At a basic level, you can use your existing data to guide decisions about which digital banking solutions will provide the most value to your total customer base. For instance, what tools, products and services are your customers using and not using?
At the next level, you can use data to segment your audiences by life stage, demographics, behaviors and even their preferred communication channels. This lets you create more relevant content for each audience segment and deliver it on a customer’s preferred channels, so they’ll be more likely to engage and respond.
For example, young adults might be interested in receiving links via text message to content on your mobile app about budgeting or paying down student loans. Baby boomers may want newsletter articles that help them learn more about CD laddering or wealth transfer.
Another approach is to segment customers based on the customer journey. This lets you predict customer needs and guide engagement opportunities at every step — for example, whether they are in the problem-recognition, information-search or evaluation-and-comparison stage.
If you’re able to analyze your customer data in real time, you can even predict and react to customer needs in the moment.
Digital marketing strategy for financial services: Focus on value-added content.
In a world where consumers have more choice than ever, building trust is a critical part of building and maintaining long-term customer relationships. And value-added content on topics your customers care about is a great way to build the trust that leads to greater engagement and increased conversion rates.
According to a research study, nearly 50% of consumers subscribe to some kind of email newsletter and report that trust in the publisher encourages them to read it.
Our own research showed that 72% of respondents would be more likely to increase their relationship with their financial institution if it sent them useful content on topics of interest to them. But 75% said they would have a negative opinion of their financial institution if it didn’t do that, or if it sent them content that didn’t answer their questions or provide useful tips.
But how do you know which topics are truly relevant and of interest to your customers?
Surveys — delivered by mail, email, website pop-ups or social channels — are one way to gather that information. In fact, CCG worked with one bank to develop and deploy a customer survey that provided insights on the personal finance topics most relevant to each of the bank’s seven key audiences. By basing its newsletter content on the survey results, the bank more than doubled its click-thru rate.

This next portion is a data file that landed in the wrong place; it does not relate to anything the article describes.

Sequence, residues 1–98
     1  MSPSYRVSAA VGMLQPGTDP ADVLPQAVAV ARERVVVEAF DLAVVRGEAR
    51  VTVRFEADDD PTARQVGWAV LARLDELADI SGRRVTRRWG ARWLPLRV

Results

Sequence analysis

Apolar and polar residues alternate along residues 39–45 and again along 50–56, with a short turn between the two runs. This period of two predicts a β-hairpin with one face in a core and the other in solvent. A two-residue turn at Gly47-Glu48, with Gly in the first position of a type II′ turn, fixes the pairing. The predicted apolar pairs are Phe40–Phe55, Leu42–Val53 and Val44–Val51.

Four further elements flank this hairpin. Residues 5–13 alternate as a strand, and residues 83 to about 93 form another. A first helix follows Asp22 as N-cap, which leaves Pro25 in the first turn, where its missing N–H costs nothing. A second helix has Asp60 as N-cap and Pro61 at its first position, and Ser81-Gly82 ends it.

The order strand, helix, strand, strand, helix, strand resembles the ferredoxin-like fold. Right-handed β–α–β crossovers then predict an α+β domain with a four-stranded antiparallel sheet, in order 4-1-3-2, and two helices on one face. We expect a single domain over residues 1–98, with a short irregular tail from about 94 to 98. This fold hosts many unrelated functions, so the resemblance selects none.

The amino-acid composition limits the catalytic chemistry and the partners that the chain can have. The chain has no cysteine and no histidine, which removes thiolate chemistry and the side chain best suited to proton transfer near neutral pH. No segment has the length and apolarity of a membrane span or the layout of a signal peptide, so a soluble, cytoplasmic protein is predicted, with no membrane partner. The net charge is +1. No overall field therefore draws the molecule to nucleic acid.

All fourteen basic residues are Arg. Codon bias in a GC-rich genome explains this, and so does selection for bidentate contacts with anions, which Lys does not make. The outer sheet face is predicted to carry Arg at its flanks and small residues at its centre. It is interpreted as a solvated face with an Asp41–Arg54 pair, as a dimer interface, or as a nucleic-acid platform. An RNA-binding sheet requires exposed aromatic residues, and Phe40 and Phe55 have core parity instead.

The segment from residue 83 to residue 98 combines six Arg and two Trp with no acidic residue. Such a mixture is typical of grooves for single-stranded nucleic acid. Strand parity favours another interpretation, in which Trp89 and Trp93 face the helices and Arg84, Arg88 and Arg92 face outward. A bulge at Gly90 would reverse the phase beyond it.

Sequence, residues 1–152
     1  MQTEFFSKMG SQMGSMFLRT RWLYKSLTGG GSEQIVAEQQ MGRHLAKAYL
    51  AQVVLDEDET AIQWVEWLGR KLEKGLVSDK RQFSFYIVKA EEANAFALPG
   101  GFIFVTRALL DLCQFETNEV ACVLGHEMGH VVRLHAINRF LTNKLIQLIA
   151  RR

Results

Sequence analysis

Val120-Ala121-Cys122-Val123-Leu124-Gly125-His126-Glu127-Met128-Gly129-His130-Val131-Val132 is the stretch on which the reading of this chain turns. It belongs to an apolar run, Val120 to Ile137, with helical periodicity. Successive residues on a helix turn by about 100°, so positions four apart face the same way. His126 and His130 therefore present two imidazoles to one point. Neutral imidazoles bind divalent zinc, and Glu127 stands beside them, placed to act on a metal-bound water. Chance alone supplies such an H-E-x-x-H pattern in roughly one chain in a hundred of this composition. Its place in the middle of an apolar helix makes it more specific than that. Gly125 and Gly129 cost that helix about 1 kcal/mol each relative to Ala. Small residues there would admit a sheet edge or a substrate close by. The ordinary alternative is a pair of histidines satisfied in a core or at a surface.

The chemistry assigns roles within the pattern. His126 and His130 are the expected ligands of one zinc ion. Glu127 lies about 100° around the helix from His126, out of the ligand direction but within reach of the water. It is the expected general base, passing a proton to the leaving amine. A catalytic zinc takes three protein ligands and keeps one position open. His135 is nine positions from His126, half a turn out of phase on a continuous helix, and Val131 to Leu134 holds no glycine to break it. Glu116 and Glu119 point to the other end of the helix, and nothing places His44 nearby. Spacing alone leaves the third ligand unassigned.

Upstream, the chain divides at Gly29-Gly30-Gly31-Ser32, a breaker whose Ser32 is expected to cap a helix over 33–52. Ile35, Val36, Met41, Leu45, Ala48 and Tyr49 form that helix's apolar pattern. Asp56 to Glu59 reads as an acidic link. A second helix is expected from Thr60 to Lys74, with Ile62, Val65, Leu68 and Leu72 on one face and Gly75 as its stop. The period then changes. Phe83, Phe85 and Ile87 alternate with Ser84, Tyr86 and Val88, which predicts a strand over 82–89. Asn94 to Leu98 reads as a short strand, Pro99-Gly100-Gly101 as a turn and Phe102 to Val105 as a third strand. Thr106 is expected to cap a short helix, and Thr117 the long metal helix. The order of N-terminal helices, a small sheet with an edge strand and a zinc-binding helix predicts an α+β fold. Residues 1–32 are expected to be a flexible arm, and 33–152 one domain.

Another option is to use CCG’s Content Topic Optimization ToolTM. It provides an objective, data-based view of the personal finance topics most likely to engage your different customer audiences. And it recommends specific topic mixes to optimize reach for each audience.
Digital marketing strategy for financial services: Create a customer-centric distribution plan.
Part of your upfront content marketing plan should include determining how you’ll distribute information and value-added content. Naturally, you’ll want to make use of all your digital channels. For example, you could provide access to a digital resource center on your website and app, filled with personal finance articles. Then link to the content through your digital newsletters and social media channels.
But it’s also important to consider which channels are already part of your customers’ daily lives, so you can deliver content to them where they are. And that may vary based on different segments. For instance, Group A might spend a lot of time on Instagram, while Group B communicates largely via text message and Group C is all about the web.
So how do you know where your audience hangs out in the digital world? Asking in your customer surveys is one way. But you can also let customers tell you directly by adding a preference center to your website.
Ideally, your preference center should allow customers to pick their preferred communication channel, such as email, text message or direct mail. And it should let them choose a favored frequency for hearing from you, such as weekly or monthly. You can also include categories of content for customers to choose from, such as loan information, savings tips, debt management, special offers or company news.
Make your preference center page convenient and easily accessible by including links to it in emails, on other areas of your website and on your mobile app.
As you distribute content over multiple digital channels, it’s vital that you maintain a consistent voice, tone and message. Not only will this reinforce your brand, but it will also avoid confusion and help build trust.
An effective financial services digital strategy can boost engagement, retention and ROI.
Digital banking and the need for digital engagement are here to stay. Consumers will always want their banks to be accessible and helpful — and today, that means leveraging digital capabilities more often than not. By focusing on the steps above to develop your financial services digital strategy, you can enhance the customer experience, improve engagement and build more profitable long-term relationships — and stronger ROI.
CCG’s financial marketing experts have more than 40 years of experience helping financial institutions evolve their marketing and customer engagement strategies. We offer a comprehensive array of financial services marketing solutions, including strategy, content creation, data analytics, personalization and segmentation. For a free consultation to see how we can help you, click below or call us today at 303.986.3000.
1 “Breaking Free from the Content Pack,” Robert Rose, Simona Covel, Imagination, published 2021, https://ssl.lvl3.on24.com/event/31/42/62/2/rt/1/documents/resourceList1621433000613/
imaginationcmiwpfinancialservices2021final1621432994311.pdf, accessed June 1, 2021